Features I think ought to be standard on all higher-end cameras soon, because they extend aspects of the shooting and quality envelope:
- Sensor stabilization on all DSLRs, APS-C and full frame.
- Hi-res multishot mode like the Olympus OMD E-M5 Mark II.
- True raw histogram with auto-ETTR metering.
- Ultra high dynamic range (20 bit) in RAW by multiple electronic exposures (no shutter movement). Similar to hi-res multishot mode idea. Could be combined (both). Gimme one big honkin' raw file that has it all.
- 4-megapixel EVF (current ones are ~2.3 megapixels).
- Retina-grade rear LCD at camera rear.
- 15-bit file format for ultra high quality at low base ISO of 64 or 32 or similar.
- Image transfer (including raw) to any paired iPhone or iPad or Android.
- Overlay on EVF showing peak contrast graph for manual focus, with auditory feedback so one can in theory focus with eyes closed: cold, warm, warmer, hot, beep, click!
Michael M writes:
Great list, particularly agree with your Retina-level rear LCD (make it tiltable while we’re at it) and connectivity. In high-volume shooting situations like sports and events, clients are looking for almost real-time transfer/publishing for a variety of purposes including social media, while at the same time appreciating the back-end quality of RAW. We can satisfy both file requirements with RAW + JPG to separate cards but the workflow just sucks from that point on. Photographers caught in that squeeze (like yours truly) can’t realistically develop their own solution like the 4-cellular-modem backpack that NYT photographers are using.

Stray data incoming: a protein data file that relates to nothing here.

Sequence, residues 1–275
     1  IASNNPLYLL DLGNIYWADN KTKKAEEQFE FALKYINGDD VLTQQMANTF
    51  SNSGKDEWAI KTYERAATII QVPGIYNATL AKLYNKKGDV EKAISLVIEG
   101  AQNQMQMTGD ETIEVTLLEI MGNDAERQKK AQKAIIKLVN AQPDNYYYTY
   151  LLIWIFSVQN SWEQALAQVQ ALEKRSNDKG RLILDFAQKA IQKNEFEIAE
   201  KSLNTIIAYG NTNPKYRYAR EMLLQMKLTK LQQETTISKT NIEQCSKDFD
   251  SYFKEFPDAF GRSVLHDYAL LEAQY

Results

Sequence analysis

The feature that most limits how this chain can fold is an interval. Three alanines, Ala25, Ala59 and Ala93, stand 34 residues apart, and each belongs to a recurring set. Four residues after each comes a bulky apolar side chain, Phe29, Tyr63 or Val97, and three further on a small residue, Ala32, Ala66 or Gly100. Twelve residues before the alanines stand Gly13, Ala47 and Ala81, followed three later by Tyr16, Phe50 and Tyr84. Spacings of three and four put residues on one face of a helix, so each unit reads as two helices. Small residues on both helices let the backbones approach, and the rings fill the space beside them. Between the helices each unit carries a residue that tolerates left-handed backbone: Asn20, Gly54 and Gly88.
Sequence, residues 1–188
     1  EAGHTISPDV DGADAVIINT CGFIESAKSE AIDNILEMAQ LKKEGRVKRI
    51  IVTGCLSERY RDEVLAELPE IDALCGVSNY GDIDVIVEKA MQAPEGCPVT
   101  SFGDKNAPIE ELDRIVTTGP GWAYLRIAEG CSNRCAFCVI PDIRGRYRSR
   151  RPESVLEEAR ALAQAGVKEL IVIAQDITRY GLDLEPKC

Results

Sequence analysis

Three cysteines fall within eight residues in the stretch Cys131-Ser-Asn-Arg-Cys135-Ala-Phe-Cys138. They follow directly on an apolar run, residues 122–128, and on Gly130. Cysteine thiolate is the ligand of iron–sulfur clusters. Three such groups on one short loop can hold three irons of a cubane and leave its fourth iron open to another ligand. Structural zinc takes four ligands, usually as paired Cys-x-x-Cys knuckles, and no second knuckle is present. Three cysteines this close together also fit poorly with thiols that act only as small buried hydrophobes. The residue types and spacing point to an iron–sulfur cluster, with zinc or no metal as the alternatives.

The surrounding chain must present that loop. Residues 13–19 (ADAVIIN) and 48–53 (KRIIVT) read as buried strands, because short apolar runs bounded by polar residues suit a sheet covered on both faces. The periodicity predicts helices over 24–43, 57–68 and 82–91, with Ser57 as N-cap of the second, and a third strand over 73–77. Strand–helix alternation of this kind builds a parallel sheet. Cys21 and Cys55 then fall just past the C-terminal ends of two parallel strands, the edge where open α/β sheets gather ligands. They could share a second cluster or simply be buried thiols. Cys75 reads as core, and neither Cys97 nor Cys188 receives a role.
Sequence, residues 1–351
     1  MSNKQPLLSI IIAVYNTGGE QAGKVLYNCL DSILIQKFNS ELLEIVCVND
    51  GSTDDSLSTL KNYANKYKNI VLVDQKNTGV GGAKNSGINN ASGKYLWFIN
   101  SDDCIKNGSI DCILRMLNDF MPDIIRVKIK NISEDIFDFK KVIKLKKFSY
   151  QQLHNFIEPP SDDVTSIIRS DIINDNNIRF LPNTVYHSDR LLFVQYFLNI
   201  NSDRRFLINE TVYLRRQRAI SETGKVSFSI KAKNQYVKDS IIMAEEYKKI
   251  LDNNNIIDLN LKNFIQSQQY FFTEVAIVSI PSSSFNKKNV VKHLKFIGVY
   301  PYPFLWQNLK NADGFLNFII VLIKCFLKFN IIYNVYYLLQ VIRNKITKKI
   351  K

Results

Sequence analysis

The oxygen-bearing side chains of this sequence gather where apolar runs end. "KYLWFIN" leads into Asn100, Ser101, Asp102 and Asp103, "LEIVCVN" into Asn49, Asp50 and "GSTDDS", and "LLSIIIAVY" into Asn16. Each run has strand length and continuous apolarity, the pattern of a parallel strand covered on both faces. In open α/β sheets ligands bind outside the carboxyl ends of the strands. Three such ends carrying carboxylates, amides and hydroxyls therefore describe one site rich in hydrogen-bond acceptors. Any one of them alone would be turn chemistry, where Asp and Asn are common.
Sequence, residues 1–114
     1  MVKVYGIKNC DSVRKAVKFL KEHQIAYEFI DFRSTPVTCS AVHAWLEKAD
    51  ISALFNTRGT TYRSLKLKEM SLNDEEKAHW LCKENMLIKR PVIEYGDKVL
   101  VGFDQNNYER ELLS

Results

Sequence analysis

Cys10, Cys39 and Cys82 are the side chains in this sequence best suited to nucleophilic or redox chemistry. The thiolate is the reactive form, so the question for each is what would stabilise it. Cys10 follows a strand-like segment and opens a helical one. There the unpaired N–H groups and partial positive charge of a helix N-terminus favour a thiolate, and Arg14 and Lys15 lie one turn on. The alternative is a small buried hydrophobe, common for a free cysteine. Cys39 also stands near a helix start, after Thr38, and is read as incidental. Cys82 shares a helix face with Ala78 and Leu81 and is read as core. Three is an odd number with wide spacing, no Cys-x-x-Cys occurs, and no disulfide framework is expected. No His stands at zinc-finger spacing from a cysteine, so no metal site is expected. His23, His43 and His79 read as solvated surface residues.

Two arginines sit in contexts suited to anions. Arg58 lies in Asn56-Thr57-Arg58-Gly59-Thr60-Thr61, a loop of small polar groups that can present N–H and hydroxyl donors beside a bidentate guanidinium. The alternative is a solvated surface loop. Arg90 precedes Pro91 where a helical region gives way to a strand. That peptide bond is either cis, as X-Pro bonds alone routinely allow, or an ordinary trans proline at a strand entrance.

The Canon 1Dx II whenever it arrives better have built-in Wi-Fi, but if Canon was truly thinking out-the-box they’d also build in cellular capability so our cameras could transmit when out in the wild. Kludgy $600 Wi-Fi add-ons won’t cut it. Camera makers should partner with Samsung or Apple to integrate the cellular capability, as they've proven time and time again they just don’t understand the connectivity imperative. Hell, if phones get any thinner, a camera maker could conceivably provide a slot/hardware dock to slot the phone into, and it would handle the image display and connectivity while opening up a limitless ecosystem of apps and software enhancements. KickStarter anyone?
DIGLLOYD: as an analogy morphing to reality, the camera industry is still in the days of flip phones. The iPhone has not yet arrived in the real camera world except for the iPhone itself, which is eating the camera industry from the bottom up, like an ice shelf being undermined by warm water. Yet the players in the camera industry doze on.